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Thanks, Judy and everyone who has contributed!

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  • Lynn Pass
    --Just a note to say that as a high school art teacher in the Portland, Oregon area I really appreciate all of the information on this website from all of you
    Message 1 of 1 , Aug 30, 2003
      --Just a note to say that as a high school art teacher in the 
      Portland, Oregon area I really appreciate all of the information
      on this website from all of you who have contributed.  
      Judy, your work is phenomenal!  I am curious...is this a 
      VOLUNTEER position for you?!  If so, you are a saint!  I think
      this year I'll put in a word or two as well and not just have
      the benefit of reading about what everyone else is doing!
      Thanks, everyone!
      Lynn Pass
      Art Instructor
      West Linn High School
      West Linn, OR
      --------- Original Message ---------
      DATE: Sat, 23 Aug 2003 13:17:30
      From: "Judy Decker" <JDecker@...>
      To: "art education" <art_education@yahoogroups.com>,"ArtsEducators" <ArtsEducators@yahoogroups.com>,"World Art Teachers" <world_art_teachers@yahoogroups.com>
      Cc: <apeshet@...>

      Alix answered my question to the list - and I am thanking her "to the
      world". I have seen the J. G. Boggs segments - good to get the kids thinking
      on aesthetics issues. Alix's lesson below. She did this with Middle School -
      I have seen it with high school, too (similar lesson - but pre Alix)

      Here is the short of her project:

      (short) Hi,
      I taught shading/value with a project called "SuperBucks."  Using paper
      18" x 71/2 inches, the kids designed a piece of original currency.  They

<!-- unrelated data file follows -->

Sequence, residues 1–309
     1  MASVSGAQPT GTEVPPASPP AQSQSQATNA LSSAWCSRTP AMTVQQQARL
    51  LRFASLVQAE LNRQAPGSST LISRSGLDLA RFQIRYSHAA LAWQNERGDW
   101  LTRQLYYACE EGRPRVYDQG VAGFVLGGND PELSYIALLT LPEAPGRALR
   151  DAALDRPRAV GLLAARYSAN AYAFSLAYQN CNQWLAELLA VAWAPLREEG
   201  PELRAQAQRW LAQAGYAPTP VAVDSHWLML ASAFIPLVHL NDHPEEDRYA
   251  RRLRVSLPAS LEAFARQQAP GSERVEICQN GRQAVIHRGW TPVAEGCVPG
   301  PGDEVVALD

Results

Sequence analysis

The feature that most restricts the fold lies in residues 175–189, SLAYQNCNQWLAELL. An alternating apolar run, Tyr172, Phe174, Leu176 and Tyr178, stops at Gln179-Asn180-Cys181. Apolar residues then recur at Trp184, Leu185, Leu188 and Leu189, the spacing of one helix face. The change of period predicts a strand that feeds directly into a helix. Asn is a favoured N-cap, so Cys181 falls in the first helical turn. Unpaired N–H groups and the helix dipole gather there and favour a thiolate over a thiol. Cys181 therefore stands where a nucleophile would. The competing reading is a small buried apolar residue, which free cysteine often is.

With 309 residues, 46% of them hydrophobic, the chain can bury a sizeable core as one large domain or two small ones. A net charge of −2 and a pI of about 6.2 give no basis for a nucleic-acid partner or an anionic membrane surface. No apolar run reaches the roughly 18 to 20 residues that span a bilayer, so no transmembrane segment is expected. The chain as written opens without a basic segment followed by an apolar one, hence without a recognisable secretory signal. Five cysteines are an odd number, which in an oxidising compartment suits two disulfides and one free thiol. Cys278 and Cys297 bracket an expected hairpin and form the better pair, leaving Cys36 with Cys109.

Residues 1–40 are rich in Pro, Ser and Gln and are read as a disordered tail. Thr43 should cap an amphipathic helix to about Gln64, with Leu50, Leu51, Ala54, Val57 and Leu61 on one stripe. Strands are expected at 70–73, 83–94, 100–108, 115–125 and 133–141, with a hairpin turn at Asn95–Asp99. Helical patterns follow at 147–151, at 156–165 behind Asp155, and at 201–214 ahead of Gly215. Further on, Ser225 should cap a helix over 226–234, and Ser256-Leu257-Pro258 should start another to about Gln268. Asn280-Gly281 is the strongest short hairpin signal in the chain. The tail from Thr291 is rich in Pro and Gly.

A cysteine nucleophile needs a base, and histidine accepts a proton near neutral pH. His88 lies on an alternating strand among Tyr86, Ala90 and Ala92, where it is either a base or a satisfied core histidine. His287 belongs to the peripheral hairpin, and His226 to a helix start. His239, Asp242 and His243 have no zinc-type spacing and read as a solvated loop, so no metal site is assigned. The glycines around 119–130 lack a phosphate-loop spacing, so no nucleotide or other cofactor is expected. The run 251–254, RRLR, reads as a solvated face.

had to include blended shading (5-step), hatching, cross-hatching, scribble
      shading and pointillism.  There had to be a continuous border (I taught
      how to do 3-D ribbon borders), a motto, a portrait (here's where anime can
      be used) and a denomination.  This was all done in pencil

      Read the "long" and if you DO this lesson - be sure to share some images
      with us. (Alix's email adders apeshet@...  and computer Web site

      (long - a must read) Hi All,

      Since people seem interested in the pencil shading SuperBuck assignment,
      I'll elaborate on it a bit more.  This assignment was approximately two
      weeks long.

      I started the project by announcing that I was giving everyone $5. That
      caught their interest! I had enlarged (50%) and photocopied five dollar
      bills to give the students. Before anyone gasps at my counterfeiting
      attempts, I had contacted the secret service to ask about photocopying
      money.  Their guidelines are that the copy must be at least 50% larger or
      smaller, not done to appear real or be used as real currency.  At this
      point, since the new currency has come out, I suggest trying to find the
      older currency which is much more elaborate and interesting.  The $5 sample
      was so that students could closely observe the designs and shading.

      I offered extra credit to students who brought in foreign currency for us to
      look at.  I also had sheets of photocopies of foreign currency which I had
      laminated. These were passed around for inspiration.

      I had developed a shading worksheet which we started the first day. There
      are five different shading techniques on it and we did one each day.  When
      we did each example, I suggested that students pull out a dollar bill to
      observe the shading.  As a little teacher humor, I then instructed them to
      leave the money on the table as a 'tip for the teacher!"

      I also showed two PBS videos I had recorded while we worked; "Making a
      Dishonest Buck" and "The Money Man."   The Making a Dishonest Buck is on how
      the government spots counterfeit money and how the currency is changing.
      It's really interesting.